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Rosenman and Friedman (1974)
Transcript of Rosenman and Friedman (1974)
The study showed a strong correlation which suggests that there is a link between "personality type" and CHD as assessed by Rosenman and Friedman.
To research the link between personality factors, stress and Coronary Heart Disease (CHD).
In a nine year longitudinal study, the healthy men were assessed to determine their personality type by answering 25 questions about how the individual responded to everyday life.They then followed up throughout the nine year longitudinal study.The men were split into two roughly equal groups, depending on whether they were assesed as type A or non-type A (Type B). Type A individuals tended to be ambitious, competitive, time conscious,and demanding of perfection. Non-type A (Type B) individuals were more relaxed and easy-going.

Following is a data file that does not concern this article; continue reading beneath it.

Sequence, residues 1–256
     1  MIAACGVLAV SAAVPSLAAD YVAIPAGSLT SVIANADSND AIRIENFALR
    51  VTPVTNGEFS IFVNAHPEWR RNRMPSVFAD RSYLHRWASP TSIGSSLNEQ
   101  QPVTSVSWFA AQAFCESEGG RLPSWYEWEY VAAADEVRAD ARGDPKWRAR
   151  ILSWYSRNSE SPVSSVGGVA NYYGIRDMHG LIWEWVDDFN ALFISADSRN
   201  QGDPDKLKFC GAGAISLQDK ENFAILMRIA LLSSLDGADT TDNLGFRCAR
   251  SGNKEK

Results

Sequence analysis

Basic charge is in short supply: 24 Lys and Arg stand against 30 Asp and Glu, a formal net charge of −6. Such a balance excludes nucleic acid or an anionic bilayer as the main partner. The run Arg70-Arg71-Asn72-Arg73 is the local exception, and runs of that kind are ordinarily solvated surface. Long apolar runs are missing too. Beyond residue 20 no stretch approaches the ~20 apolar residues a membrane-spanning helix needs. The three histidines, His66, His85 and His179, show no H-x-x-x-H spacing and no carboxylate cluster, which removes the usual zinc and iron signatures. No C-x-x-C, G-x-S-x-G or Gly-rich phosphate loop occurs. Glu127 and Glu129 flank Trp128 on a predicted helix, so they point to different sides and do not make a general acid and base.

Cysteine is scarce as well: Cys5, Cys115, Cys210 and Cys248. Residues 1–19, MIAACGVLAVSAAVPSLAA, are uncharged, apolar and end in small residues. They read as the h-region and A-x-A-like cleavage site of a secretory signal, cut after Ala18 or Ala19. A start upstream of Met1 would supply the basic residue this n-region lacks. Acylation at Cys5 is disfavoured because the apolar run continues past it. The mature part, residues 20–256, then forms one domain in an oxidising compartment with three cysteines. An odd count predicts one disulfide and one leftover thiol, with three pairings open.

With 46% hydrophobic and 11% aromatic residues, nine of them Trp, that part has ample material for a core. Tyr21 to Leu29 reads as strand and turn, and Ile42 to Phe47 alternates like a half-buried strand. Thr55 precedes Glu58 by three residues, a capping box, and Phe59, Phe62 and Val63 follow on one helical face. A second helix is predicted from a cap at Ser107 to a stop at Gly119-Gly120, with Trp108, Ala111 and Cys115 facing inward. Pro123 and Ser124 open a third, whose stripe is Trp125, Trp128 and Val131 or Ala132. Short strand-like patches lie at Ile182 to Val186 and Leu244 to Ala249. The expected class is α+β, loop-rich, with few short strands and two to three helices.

Correlation isn't the same as cause and effect. While it could be the case that Type-A behaviour leads to increased CHD risk, it could also be the case that the behaviour and CHD are themselves caused by a separate unknown factor.
The classification into Type-A and non Type-A may be simplistic: individuals exhibit different behaviours in different situations and times, and so a Type-A individual might actually be assessed as non Type-A if re-assessed on a different occasion.
Over the course of the study, after 8.5 years 257 of the participants died from CHD, of those 257, 70% were indentified as being Type A.Type A's also had higher cholesterol, and higher blood pressure, they were also identified as more likely to be engaged in risky behavious such as smoking.
People who are of Type-A are more susceptible to stress because of their behaviour traits, and are consequently more likely to suffer stress related illness such as CHD.
Method and Participants
Questionnaire and structured interview
3000 male participants between the ages of 39 - 59 living in california.